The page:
Evoke the senses

How do you Capture what you feel in a photograph?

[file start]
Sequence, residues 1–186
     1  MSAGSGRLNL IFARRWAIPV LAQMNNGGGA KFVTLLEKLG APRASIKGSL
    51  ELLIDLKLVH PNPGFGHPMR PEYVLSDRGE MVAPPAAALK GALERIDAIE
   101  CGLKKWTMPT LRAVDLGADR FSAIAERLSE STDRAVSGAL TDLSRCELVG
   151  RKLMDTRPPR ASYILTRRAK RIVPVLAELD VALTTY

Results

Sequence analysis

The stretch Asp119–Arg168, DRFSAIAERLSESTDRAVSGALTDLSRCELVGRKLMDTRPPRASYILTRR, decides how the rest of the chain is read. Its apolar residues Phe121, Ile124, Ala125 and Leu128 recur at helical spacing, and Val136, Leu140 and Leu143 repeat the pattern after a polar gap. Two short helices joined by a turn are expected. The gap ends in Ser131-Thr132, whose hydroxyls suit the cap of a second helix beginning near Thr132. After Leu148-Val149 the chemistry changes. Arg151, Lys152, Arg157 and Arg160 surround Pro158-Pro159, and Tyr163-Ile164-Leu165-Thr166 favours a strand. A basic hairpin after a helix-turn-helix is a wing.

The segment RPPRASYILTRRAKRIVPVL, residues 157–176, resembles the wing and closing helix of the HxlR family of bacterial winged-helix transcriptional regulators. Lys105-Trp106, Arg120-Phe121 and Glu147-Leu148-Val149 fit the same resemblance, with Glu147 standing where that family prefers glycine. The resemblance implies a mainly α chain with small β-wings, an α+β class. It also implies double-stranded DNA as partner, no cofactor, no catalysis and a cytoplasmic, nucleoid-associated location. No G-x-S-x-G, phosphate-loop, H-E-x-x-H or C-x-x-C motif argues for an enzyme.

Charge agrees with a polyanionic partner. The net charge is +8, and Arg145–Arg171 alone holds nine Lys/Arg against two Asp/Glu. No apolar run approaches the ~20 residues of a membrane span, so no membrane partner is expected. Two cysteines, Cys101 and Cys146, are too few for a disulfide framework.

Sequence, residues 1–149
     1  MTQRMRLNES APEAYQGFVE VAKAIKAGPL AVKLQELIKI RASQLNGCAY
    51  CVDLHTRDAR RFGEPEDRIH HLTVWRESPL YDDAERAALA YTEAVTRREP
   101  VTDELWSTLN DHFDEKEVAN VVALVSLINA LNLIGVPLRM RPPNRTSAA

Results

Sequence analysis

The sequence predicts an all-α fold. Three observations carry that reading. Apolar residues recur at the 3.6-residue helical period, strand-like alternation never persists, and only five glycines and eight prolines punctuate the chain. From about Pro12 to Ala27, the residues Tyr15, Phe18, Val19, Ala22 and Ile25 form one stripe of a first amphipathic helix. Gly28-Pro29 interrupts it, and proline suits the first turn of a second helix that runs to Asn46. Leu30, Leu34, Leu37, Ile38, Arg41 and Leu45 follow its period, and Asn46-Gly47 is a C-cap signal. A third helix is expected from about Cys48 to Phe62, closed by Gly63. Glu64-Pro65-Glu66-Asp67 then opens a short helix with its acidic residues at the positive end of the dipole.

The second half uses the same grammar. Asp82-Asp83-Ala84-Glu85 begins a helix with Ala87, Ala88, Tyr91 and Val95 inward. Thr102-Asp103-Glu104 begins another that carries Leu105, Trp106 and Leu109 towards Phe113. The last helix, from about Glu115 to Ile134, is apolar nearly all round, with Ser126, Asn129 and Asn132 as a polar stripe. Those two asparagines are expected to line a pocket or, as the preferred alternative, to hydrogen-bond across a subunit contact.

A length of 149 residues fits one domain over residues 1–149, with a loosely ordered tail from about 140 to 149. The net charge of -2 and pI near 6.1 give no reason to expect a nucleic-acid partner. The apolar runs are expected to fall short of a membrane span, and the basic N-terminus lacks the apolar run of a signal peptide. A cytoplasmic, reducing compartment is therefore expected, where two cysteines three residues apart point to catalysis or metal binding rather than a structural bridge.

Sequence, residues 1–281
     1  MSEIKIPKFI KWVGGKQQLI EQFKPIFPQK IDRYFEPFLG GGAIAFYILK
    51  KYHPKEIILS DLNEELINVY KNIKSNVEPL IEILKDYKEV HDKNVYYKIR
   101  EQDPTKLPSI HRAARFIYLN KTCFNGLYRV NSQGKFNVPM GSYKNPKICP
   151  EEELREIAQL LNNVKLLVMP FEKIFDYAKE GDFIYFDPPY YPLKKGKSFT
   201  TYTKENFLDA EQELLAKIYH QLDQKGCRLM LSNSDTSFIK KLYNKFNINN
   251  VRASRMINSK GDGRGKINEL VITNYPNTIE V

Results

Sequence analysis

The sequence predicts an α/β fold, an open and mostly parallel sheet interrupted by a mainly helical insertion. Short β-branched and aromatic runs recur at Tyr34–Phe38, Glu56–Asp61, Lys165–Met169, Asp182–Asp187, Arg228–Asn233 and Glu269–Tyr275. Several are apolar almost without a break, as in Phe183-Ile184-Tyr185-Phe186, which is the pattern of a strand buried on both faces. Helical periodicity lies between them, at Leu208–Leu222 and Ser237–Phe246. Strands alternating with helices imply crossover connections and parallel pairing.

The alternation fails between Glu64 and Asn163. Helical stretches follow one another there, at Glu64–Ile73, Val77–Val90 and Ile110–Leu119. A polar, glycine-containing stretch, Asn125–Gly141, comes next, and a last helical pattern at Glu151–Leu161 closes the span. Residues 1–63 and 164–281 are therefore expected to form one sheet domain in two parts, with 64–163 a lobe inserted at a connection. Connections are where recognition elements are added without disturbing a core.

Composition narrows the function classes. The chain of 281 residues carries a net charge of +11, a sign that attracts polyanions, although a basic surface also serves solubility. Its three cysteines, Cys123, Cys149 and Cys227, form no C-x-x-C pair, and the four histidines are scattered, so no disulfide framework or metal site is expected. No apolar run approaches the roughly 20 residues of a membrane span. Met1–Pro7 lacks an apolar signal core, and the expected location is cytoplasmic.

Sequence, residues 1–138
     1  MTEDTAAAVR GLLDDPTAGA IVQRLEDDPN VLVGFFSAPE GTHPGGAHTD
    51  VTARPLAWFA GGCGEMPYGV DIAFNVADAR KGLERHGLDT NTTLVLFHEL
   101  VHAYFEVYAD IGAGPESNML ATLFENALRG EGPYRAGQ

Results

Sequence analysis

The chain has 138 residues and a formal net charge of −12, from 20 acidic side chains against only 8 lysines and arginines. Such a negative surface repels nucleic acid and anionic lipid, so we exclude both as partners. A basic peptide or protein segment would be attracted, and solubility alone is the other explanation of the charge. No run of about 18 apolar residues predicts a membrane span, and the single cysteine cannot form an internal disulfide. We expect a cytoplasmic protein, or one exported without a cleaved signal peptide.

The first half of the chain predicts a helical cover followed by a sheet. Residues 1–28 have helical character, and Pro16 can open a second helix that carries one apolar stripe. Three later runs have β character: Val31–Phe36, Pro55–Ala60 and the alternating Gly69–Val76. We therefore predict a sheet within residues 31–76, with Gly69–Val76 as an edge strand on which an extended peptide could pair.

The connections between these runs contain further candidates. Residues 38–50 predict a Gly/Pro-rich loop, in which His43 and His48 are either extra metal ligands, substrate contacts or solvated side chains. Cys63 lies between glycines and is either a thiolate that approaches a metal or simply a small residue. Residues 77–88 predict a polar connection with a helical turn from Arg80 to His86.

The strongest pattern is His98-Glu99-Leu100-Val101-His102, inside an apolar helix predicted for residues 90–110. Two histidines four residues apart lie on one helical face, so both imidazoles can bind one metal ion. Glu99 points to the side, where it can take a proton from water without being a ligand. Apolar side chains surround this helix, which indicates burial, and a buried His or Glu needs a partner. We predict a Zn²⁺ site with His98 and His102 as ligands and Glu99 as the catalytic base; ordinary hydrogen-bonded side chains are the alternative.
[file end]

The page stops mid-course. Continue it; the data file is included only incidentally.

Photography is nothing more than capturing light, and freezing a moment in time.  With the cameras of today we have the luxury of instant feedback and the ability to adjust and change are results immediately.  If you have a DSLR , a micro four thirds, or any other type of digital camera that allows you to manually change your settings, you have the basics to creating great photographs the way you envision them and want them to be.  It’s kind of ironic that so much effort is put in to developing preset functions on digital cameras while most, if not all, professorial photographers will tell you that to really get the results that you want switch to manual.  It may feel like quite a daunting task, but with practice it becomes comfortable and the results are definitely more rewarding.  When I finally made the switch from the presets to manual I kind of did it cold turkey.  Along with that switch came the switch from JPEG to RAW.  What a difference it makes.  The training wheels were off and I was free to create what I wanted to, to share with others the way I interpreted the world and to really appreciate the art of photography.  With the vast, almost endless knowledge that is literally at our fingertips it seems a waste not to do so.  There are many variances that help shape your photograph such as composition, lens/focal length selection, and lighting to name a few. In the end after you have your camera, picked your lens and set your composition you still have a few more decisions to make namely shutter speed, aperture, and ISO.  Getting to know these three settings is the true key to unlocking the full potential of your camera, and ultimately you as a photographer.  Each one of these settings effect how your camera sensor sees the light and they all work together.  Here’s  the quick breakdown of each; Shutter speed is pretty much self explanatory, it’s the amount of time that your camera’s sensor is exposed to the light.  Aperture is related to the opening in your camera that determines how much light that comes through by opening or closing down a circular opening, similar to the way the iris of your eye works.  ISO settings determine how sensitive your sensor is to the light.  The three of these have different effects on your final photograph and each setting effects the other. This doesn’t even scratch the surface of your cameras settings, it just gives you a view of it.  I’ll go in to more depth over the next few posts with photographs to demonstrate the effects that each setting changes.  What would you like to learn? Share it in a comment below and I’ll be sure to get back to you.